The Stresses of Stardom

ByMichael S. James

Aug. 3, 2001 — -- Stardom can be great. You get to go to all the best parties. You can pick and choose your work. And you can fly off to Paris on a whim without a financial care in the world.

But it can eat at you, too. There are expectations to meet, death threats, isolation, fear of failure on a public stage and perhaps too-easy access to drugs and alcohol.

"Show business is no place for sissies," says Stuart Fischoff, a professor of media psychology at California State University in Los Angeles. "It's a known stress business. It looks magical from the outside.

"To be a performer is not just to be on stage or in a recording booth, but to be performing 24 hours a day," Fischoff adds. "It's like being in wartime, where your adrenaline is pumping 24 hours a day. It's not surprising that someone like that will break down. It's surprising it doesn't happen to more of them."

By some accounts, the dark side of stardom may have contributed to the falls of stars from Marilyn Monroe to Kurt Cobain to Freddie Prinze. And as Mariah Carey's "emotional and physical breakdown" suggests, the focus on the stars can still be intense.

"You know what, they're human," says Lilli Friedland, a Los Angeles psychologist. "In fact, sometimes because they live in such a goldfish bowl, it's more difficult for them. … It's not like they can always take a timeout without everybody talking about them and looking at them."

While few details have emerged about Carey's "breakdown" — as acknowledged Wednesday by her publicist, Cindi Berger — observers suggest pressures on the pop star have been intensifying.

Carey, 31, was admitted to an undisclosed New York-area hospital on July 25, as she was poised to headline MTV's 20th anniversary show, and as release dates approached for a new album on a new record label, and two movies featuring her as an actress. For the time being, Carey has canceled all public appearances.

"Mariah Carey's known as a workaholic and a perfectionist," said Sarah Saffian, a contributor to Us Weekly magazine's cover story on Carey. "This seems to be the peak of that. She's never worked quite so hard before.

"She really drove herself so hard — between promoting her movie Glitter, which comes out the end of August, her soundtrack album that's connected to it [and] also filming the independent film Wise Girls and breaking up with her boyfriend," Saffian told ABC Radio. "So personally and professional[ly], the pressure was really on."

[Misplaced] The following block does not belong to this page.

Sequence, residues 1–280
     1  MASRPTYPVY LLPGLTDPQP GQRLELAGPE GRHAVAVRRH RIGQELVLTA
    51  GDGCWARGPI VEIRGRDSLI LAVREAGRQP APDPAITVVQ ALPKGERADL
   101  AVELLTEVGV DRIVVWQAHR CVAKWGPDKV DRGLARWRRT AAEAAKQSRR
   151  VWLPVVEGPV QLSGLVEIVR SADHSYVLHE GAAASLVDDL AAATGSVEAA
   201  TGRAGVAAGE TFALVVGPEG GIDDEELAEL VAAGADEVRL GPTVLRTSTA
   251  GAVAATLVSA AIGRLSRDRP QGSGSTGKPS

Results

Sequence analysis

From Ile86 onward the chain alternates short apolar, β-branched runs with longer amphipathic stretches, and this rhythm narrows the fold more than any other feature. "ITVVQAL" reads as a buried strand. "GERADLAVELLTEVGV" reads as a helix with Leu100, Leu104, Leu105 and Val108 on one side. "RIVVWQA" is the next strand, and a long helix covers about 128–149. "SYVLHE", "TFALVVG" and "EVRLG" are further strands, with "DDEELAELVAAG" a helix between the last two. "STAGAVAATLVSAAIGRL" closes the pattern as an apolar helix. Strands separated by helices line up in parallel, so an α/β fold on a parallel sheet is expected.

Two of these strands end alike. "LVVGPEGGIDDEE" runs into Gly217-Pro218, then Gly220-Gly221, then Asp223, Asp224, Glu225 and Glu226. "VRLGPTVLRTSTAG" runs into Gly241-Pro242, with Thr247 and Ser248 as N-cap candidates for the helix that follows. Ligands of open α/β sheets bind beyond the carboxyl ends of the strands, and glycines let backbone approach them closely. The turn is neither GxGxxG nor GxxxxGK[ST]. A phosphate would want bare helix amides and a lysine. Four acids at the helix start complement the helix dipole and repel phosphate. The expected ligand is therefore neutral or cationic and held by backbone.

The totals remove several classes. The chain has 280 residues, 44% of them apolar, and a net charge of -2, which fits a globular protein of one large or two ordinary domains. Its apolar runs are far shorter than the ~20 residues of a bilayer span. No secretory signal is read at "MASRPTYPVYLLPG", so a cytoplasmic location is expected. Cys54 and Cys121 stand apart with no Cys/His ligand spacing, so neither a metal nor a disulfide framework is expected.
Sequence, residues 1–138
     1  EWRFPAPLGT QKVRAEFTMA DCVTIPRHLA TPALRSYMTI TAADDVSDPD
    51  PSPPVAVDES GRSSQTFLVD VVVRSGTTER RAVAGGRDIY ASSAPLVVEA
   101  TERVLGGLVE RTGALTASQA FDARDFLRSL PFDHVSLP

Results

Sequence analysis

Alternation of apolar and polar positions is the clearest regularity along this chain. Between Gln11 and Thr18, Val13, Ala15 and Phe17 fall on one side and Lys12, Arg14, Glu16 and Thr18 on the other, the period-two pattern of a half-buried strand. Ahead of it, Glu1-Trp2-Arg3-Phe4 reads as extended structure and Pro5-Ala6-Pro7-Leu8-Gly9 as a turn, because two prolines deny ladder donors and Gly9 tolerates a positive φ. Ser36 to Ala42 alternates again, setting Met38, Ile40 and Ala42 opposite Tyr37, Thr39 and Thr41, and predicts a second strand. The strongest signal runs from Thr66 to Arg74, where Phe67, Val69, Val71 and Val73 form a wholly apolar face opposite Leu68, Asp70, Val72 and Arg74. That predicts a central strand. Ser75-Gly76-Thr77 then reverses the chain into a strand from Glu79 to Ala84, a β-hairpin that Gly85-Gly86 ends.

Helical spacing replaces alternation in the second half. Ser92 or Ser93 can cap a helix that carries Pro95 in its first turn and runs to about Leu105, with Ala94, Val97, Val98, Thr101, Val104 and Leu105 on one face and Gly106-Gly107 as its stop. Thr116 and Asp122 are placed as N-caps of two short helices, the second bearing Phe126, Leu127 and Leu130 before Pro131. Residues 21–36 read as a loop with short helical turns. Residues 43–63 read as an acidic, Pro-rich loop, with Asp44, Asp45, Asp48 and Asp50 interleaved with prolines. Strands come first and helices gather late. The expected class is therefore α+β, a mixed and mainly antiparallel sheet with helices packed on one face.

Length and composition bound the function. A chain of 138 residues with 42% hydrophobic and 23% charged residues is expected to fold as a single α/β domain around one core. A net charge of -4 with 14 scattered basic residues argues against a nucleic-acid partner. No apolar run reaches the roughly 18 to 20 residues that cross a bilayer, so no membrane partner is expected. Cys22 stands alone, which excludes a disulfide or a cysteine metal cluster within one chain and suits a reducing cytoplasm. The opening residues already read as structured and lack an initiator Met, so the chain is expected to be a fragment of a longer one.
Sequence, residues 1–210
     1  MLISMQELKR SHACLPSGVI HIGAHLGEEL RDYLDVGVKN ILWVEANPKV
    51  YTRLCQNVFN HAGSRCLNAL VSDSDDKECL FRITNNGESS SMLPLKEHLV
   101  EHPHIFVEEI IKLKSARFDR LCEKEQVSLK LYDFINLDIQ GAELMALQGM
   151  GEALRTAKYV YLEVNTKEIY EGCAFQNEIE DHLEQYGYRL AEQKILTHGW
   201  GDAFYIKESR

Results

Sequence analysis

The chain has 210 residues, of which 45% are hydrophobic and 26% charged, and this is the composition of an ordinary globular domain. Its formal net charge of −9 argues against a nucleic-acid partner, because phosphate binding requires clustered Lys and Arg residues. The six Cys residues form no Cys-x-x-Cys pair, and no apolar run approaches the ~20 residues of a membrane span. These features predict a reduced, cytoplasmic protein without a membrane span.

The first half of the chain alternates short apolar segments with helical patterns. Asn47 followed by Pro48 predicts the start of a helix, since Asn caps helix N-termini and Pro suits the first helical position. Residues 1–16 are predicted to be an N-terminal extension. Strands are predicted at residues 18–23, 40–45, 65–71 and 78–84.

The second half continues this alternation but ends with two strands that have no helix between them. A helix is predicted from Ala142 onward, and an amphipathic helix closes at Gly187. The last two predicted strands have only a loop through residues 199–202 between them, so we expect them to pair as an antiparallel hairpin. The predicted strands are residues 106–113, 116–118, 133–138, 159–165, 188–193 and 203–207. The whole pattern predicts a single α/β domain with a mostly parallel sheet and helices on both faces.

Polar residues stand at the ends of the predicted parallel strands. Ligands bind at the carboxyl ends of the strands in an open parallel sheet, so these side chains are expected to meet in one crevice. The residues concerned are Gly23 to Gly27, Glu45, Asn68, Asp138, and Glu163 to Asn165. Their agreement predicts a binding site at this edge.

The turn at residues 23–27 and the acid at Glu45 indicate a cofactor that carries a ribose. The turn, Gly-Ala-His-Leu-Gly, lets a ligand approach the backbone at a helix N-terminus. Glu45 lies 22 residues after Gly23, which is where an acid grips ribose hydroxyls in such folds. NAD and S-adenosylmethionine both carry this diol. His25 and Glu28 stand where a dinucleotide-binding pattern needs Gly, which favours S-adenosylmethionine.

Before word of her breakdown, Carey left a message on her Web site to tell fans that "everything's cool" despite the pressure on her.

But such points of transition in a star's career can be stressful, Fischoff says, because for some celebrities, once they taste success, they fear losing it. And just as workaday people fear losing their job and can suffer blows to their self-esteem when they do, stars can fear and be stung by public indifference.

"It's a virtual annihilation of your identity, because your identity is your celebrity," he says.

"Each movement up ratchets up the stress and expectations, and also the sense of how wonderful you are," he adds. "Celebrity is a double-edged sword. It can elevate you and it can slash you down."

He speculated that stress over such loss of identity could have been behind the public breakdowns of stars who've dropped out of the limelight, such as numerous former child stars or Margot Kidder, found disheveled and babbling in Los Angeles in 1996.

At least one psychologist believes the focus on the breakdowns of individual stars such as Carey may be misplaced. In Carey's case, the true failure may be by, essentially, Carey Inc., for allowing the situation to deteriorate to the point where the singer apparently became overwhelmed, and then allowing her to be embarrassed, says Charles R. Figley, a psychologist and professor at Florida State University who has written about celebrity stress.

"Just like The Wizard of Oz, there's this big curtain between us and the celebrities," Figley says. "It's a business. It's an enterprise. It's not just one individual person."

As stars become bigger, often so do their entourages, he says. And as they become more distanced from the real world, they rely on those people to advise them, direct their careers, create their images and control bad news such as word of Carey's difficulties. The stars are less likely to fail if they choose the right people.

"My hypothesis is that the management company did not do her very right," Figley says.

But he thinks good management, or self-awareness and a strong hand on the reins by Carey, can still set things right.

"Even this, if you have a good management team that comes in at the eleventh hour, they'll turn this sucker around and she'll be bigger than ever," he says.

Although stardom can breed stress, not everyone agrees stars have more stress than ordinary people.

"Usually the people who have more troubles are the people who are disadvantaged," says Marc Graff, a psychiatrist in Los Angeles. "There's a good study that shows they have more stress than people who have discretion" to choose professional projects and control aspects of their lives, as many stars do.

"Having said that, even very, very successful people … can get just as stressed as the next people," Graff adds.

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